There is a particular point of view found in certain recent Hollywood films that explores the varying spectrum of sexuality and the role representation plays in an individual’s life. In the traditional view of sexuality in society, sexuality has an established separation, homosexual or heterosexual. In The Monster and the Homosexual Benshoff mentions “how homosexuality is thought and felt by heterosexuals is part and parcel of the way the culture teaches them (and us) to think and feel about their heterosexuality,” (Benshoff 95). In this context the heterosexual view of a homosexual is based on preconceived notions that the audience have obtained from society. In reality one cannot know about homosexuality to the fullest unless the person is one or has been properly educated about the
David Román creates excellent perspective into the haven and necessity of theatrical arts for homosexual Latino 's in Chapter 6 of Intervention entitled "Teatro Viva!" Román reveals that progressing as a community requires gay Latino men and women to use the theatre as a tool to break the socio-silence surrounding the idea of homosexuality and the AIDS virus. In this case, the region of Los Angeles, California is accounted for as having an enormous amount of input having to do with the de-marginalization of homosexual Hispanics in the world.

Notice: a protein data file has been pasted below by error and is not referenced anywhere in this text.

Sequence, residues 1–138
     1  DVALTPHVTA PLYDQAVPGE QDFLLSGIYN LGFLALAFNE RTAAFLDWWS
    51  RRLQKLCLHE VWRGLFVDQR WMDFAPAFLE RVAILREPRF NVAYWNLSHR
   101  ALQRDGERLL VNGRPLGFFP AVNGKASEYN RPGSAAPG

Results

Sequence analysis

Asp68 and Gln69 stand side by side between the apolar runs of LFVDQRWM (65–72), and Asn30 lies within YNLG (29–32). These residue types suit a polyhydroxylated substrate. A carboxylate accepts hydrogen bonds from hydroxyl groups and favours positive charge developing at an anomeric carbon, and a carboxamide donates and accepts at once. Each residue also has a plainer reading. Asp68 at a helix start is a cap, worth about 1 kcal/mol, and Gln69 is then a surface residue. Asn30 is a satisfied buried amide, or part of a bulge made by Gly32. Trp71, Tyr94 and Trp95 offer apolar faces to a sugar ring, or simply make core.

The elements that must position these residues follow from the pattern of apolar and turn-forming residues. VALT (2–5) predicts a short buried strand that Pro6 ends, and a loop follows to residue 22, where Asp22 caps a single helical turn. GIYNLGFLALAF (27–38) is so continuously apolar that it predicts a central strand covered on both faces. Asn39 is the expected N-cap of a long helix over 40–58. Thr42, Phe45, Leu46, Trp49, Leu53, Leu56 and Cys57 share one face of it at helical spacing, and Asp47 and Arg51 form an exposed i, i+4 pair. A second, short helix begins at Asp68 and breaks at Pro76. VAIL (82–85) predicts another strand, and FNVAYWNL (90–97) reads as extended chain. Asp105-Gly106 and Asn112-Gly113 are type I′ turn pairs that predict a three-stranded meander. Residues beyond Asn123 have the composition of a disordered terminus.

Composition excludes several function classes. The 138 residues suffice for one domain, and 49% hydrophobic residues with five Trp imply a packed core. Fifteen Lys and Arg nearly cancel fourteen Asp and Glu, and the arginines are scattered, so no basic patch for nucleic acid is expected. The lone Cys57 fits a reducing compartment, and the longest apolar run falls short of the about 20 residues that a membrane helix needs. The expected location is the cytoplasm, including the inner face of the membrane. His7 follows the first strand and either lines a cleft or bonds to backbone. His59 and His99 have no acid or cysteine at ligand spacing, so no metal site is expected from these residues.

In the 1920s, homosexuals were widely accepted. The author of a popular play about homosexuality, Mae West, was an early advocate of gay rights. In the 1930s, the public didn’t want to deal with homosexuality in the actors, so they forced them to retire or keep their sexuality private. Homosexuals would not be accepted again until the 1960s. In the 1930s, life was harsh for homosexuals. Homosexuality, at this point, was regarded as a mental illness. Many had to hide their identity to avoid being made fun of and even imprisonment. Many police forces used young, undercover cops to try and get a confession out of homosexuals.